The third vinyl purchase was the original motion picture soundtrack of Only Lovers Left Alive with music primarily by the film’s director Jim Jarmusch and his band Sqürl with accompaniment Only Lovers vinylby lute master Jozef van Wissem. Again, great gatefold packaging featuring colored vinyl, in this case clear blood red. for this soundtrack of a terrific film on the existential malaise of immortal vampires. The film features a couple of great musical moments, a dizzying opening featuring twirling camerawork surely based on 33rpm vinyl and a visit to a bar in Tangiers out of a Win Wenders movie. It’s a film that will rate high on my list of the best films of 2014 only because it all works so well together: the acting, writing, cinematography and of course the music (read my review).

The bottom of the list are records I did not buy (except for one weird exception) but enjoyed repeated listens via Spotify (follow us here), including one I reviewed. I’ll list them in descending order with appropriate links to my writing. Also, as above, all titles link to the item description page on Amazon. If you purchase via the specific link, you will be financially supporting this blog:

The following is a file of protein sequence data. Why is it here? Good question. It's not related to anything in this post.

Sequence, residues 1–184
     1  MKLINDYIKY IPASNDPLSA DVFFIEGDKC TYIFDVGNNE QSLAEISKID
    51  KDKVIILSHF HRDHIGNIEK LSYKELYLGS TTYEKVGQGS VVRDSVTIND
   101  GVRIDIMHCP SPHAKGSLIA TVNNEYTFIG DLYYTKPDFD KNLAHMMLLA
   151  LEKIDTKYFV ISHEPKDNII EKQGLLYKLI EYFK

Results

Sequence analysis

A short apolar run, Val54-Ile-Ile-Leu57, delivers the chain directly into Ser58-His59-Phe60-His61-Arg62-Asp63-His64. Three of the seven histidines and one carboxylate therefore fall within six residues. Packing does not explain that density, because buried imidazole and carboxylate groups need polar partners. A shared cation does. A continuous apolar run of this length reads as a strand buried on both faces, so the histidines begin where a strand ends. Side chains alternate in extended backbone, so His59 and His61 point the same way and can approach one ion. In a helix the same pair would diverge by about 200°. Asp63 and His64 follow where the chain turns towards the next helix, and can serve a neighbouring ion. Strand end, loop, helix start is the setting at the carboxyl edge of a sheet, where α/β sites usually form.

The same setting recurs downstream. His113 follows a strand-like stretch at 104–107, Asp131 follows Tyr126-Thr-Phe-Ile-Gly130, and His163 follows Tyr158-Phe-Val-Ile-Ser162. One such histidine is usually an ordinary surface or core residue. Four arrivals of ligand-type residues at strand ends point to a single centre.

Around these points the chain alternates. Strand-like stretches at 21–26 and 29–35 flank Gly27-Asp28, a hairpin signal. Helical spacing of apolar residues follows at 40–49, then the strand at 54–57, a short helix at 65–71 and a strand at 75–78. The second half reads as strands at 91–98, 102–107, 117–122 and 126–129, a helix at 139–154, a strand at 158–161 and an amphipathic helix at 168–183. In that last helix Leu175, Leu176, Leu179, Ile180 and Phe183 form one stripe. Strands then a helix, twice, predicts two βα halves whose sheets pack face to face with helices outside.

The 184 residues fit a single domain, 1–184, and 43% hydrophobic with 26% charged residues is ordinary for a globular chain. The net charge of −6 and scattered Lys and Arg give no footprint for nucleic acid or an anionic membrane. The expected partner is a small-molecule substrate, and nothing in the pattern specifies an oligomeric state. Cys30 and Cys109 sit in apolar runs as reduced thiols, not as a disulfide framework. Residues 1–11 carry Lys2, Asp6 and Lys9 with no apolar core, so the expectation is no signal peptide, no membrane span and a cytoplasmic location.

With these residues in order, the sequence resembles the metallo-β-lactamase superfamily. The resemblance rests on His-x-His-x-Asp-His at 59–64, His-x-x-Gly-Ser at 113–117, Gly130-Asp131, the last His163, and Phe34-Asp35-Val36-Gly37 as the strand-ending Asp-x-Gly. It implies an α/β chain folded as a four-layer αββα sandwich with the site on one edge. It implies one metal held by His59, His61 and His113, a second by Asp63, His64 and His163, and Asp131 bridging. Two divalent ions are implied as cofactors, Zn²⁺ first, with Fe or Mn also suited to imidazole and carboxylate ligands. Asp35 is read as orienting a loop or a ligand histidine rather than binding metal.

1. Ty Segall – Manipulator (A link to my review)
  2. Owls – Two
  3. Broncho – Just Enough Hip to be a Woman (A link to a preview of the album)
  4. Gov’t Mule – Darkside of the Mule
  5. Dylan Howe – New Designs on Bowie’s Berlin
  6. Jozef van Wissem and Jim Jarmusch – Concerning the Entrance Into Eternity
  7. Guardians of the Galaxy – song soundtrack on cassette (just because the format is so cool and the songs are great selections from the commercial radio I grew up with)

Guardians cassette

Tomorrow: part 1 of the 20 best films of 2014.

Hans Morgenstern

(Copyright 2014 by Hans Morgenstern. All Rights Reserved. This material may not be published, broadcast, rewritten or redistributed without permission.)